But, as Diller points out, searches represent a very small slice of American media, even less so overseas. He compares the search market to other media, such as cable TV, where no one company dominates but scores of businesses are profitable. Despite its rapid growth, the Internet remains a relatively young industry. And search is even younger.
Appearing on CNBC the other day, Diller addressed the search-engine sector: "It's the very beginning of its growth. … This is going to be a world, just like the media world, where there will be many players, many people providing service."
Diller plans to grow Ask Jeeves by placing a search bar on Web pages of IAC's other sites such as the online travel agency Expedia, Home Shopping Network, Ticketmaster, CitySearch, and Match.com. Diller said IAC sites attract 44 million unique visitors, and expects many of them to use the Ask Jeeves search bar instead of going to another site to conduct a search, such as Google.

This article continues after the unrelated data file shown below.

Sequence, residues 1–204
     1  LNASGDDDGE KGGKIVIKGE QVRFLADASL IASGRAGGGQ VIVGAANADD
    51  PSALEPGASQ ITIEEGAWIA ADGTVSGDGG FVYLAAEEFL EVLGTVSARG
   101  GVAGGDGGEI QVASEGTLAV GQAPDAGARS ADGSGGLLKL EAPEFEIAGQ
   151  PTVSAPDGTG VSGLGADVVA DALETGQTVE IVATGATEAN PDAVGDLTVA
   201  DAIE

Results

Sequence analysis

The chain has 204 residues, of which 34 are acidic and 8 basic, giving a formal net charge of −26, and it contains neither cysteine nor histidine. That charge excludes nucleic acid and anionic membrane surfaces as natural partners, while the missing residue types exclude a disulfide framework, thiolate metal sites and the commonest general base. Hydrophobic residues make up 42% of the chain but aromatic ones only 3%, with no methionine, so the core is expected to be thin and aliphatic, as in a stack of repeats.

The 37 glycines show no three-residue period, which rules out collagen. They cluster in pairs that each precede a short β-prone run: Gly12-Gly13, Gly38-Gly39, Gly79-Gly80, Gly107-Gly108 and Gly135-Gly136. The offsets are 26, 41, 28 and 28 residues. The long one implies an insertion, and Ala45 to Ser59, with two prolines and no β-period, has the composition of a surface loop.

Too many people are infatuated with companies like Google. They're judging this sub-sector by the number of searches. True, search and portal companies do reach out through acquisitions and partnerships to create synergies, but that doesn't explain how the market got so out of whack. How else could Google have a market cap topping $49 billion on only $3.2 billion in sales last year when IAC generated nearly twice that amount in revenue but has a market cap of $15.4 billion, less than one-third of Google's?
Industries change, and no one can accurately predict where the rapidly evolving Internet sector heads. Few would have imagined a generation ago that AT&T would become the footnote in the telecom sector that it is today. Google may never become a asterisk in Internet history E-books of the future, but who can say we'll view search as the media force it's now perceived as in the years to come?